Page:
Breaking the Mold of Oncology Drug Development

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"Looking at all oncology products on the market, it is striking to note how each targets a single factor in the complex processes that control tumor growth and invasion. It is almost like attempting to stop traffic in a city by blocking a single avenue: It only slows down traffic but doesn't stop it completely."

Seeking Alpha, Brian Nichols

Advancements in research have reached a 30-year pinnacle. Cancer treatment has been, at best, a very slow process, with new technology that is slowly being welcomed by the FDA. One company in particular, ImmunoCellular Therapeutics, is working diligently to break the mold of oncology drug development. As a result, I am looking at how the company is progressing the field, along with the past and present trends in oncology.

Looking at all oncology products on the market and how each work, it is striking to note how each targets a single factor in the complex processes that control tumor growth and invasion. Cancer continues to evolve, yet there is a lack of any viable drugs on the market to effectively combat the disease. It is almost like one is attempting to stop traffic in a city by blocking a single avenue: It only slows down traffic but doesn't stop it completely. The clinical outcomes of the last 30 years of oncology research are very similar -- we know how to slow down progression of the disease but can't stop it from spreading and eventually killing the patient.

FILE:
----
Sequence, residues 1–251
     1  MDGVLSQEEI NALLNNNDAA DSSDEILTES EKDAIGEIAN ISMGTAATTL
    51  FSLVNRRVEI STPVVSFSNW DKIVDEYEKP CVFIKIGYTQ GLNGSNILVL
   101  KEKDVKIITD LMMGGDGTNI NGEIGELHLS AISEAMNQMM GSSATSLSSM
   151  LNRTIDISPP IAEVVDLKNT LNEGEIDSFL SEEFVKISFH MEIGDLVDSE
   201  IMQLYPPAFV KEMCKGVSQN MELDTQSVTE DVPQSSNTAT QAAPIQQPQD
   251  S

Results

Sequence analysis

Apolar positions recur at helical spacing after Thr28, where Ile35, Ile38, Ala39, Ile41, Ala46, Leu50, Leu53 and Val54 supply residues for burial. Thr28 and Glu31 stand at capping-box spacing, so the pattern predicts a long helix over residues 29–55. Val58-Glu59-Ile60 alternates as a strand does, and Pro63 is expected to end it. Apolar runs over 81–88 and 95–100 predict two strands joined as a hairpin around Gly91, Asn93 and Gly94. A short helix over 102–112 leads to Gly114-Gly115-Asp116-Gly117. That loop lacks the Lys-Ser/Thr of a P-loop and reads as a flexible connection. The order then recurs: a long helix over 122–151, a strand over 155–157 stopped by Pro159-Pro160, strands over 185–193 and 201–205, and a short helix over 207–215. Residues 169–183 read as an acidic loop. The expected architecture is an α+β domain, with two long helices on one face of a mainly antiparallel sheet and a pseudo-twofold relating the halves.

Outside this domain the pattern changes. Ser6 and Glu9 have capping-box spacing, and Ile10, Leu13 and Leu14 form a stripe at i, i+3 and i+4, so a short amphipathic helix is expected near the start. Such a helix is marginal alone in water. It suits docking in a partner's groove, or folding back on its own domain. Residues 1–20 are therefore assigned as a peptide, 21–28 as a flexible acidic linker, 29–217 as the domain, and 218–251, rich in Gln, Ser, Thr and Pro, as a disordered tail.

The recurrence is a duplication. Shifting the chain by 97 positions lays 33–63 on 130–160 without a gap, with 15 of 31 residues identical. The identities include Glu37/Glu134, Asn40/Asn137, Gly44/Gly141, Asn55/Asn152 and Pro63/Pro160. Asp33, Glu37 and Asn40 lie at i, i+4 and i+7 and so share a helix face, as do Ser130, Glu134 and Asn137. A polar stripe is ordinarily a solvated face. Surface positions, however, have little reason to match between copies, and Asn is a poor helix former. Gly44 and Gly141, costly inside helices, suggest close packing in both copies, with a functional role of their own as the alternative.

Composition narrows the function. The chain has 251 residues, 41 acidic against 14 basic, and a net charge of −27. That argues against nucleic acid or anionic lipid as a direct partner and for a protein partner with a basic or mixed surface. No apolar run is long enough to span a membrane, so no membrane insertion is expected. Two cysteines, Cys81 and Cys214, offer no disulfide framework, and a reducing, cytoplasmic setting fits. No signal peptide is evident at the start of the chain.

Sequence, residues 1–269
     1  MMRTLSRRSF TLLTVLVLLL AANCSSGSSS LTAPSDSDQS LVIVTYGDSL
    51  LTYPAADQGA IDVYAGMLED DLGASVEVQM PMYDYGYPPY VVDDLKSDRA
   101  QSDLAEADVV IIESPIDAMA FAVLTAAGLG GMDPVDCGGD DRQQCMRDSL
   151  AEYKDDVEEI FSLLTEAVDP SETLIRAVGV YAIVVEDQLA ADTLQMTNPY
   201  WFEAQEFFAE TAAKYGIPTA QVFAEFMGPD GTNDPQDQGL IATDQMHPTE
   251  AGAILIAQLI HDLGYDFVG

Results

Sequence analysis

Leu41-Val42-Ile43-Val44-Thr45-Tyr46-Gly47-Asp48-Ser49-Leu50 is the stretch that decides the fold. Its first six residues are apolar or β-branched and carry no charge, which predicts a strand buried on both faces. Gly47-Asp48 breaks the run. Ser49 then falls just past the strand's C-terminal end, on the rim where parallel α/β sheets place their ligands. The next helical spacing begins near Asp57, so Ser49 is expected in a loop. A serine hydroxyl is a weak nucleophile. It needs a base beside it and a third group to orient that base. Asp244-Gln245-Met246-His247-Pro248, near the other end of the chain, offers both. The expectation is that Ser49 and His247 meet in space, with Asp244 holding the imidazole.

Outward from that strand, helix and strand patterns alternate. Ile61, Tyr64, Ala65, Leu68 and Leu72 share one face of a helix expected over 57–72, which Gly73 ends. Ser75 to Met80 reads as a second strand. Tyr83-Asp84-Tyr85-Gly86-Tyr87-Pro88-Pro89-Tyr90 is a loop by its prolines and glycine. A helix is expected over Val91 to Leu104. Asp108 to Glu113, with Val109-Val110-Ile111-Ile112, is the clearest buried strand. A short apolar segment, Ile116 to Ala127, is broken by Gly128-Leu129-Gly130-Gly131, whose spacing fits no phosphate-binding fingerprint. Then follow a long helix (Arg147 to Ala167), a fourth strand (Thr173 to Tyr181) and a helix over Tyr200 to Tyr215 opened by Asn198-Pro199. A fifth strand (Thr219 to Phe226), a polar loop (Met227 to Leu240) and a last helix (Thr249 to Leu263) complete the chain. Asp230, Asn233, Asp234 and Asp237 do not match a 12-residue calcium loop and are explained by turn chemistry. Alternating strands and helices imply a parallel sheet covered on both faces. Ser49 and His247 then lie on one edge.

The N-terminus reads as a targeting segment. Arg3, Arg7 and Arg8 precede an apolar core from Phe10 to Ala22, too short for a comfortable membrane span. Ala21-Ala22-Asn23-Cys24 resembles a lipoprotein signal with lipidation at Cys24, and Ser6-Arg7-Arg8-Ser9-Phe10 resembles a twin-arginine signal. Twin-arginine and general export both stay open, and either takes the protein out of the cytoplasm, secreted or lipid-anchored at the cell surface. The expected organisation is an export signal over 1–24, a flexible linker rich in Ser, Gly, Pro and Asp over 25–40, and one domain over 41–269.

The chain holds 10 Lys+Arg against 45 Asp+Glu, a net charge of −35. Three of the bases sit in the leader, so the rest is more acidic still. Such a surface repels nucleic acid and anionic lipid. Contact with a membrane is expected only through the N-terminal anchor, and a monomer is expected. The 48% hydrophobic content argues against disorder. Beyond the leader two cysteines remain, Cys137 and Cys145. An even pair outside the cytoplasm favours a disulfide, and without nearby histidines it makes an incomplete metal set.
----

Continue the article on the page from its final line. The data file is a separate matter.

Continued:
There are two main culprits as to why we have taken this path of attacking single antigens over the last few decades. The first is that a large number of these drugs were initially developed in academia, which is notorious for emphasizing publication of fundamental understanding of pathways, rather than trying to find a combination of drugs for a cure. The main reason being combination drugs may be harder to study and, more importantly, even harder to publish. The other problem is the regulatory one, whereby the FDA has emphasized studying the effect of each drug entity and doesn't have a clear regulatory pathway for combining 2-3 or more experimental drugs together. . .View Full Article

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